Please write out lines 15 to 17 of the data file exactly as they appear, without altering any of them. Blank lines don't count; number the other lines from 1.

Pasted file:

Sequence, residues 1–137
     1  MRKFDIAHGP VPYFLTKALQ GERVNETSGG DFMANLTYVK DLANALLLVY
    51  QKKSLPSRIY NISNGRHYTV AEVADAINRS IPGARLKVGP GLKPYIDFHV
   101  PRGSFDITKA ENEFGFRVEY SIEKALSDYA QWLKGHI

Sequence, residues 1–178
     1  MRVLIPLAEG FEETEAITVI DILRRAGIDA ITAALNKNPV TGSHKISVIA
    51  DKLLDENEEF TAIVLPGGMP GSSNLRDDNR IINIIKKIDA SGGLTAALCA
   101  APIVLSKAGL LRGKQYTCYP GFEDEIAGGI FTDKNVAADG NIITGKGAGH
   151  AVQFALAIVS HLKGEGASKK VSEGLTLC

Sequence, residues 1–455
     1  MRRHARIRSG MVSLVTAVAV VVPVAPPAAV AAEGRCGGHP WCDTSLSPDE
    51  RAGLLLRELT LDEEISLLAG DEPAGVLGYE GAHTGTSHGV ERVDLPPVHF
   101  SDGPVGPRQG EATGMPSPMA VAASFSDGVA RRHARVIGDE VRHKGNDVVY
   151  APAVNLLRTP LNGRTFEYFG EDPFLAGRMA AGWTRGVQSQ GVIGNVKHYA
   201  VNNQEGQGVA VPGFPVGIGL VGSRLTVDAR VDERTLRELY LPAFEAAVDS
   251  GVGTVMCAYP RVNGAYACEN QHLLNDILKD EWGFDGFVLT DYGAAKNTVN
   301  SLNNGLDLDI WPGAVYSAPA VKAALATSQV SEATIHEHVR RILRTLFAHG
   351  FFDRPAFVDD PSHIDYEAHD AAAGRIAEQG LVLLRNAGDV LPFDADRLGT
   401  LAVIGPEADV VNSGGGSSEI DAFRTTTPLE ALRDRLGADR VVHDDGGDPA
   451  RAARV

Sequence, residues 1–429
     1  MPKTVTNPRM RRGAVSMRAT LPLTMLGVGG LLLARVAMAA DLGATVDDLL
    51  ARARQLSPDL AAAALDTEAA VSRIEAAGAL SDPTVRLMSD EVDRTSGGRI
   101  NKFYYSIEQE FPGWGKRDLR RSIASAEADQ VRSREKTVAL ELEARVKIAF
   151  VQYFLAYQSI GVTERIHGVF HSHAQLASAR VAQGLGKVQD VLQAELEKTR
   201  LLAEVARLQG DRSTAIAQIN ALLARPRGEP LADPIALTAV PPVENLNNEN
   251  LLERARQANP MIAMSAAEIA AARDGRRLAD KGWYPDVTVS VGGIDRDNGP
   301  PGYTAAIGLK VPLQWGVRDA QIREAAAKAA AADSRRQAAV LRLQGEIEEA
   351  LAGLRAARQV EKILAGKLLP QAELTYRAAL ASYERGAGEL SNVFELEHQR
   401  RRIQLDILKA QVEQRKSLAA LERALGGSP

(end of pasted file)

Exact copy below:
   201  VNNQEGQGVA VPGFPVGIGL VGSRLTVDAR VDERTLRELY LPAFEAAVDS
   251  GVGTVMCAYP RVNGAYACEN QHLLNDILKD EWGFDGFVLT DYGAAKNTVN
   301  SLNNGLDLDI WPGAVYSAPA VKAALATSQV SEATIHEHVR RILRTLFAHG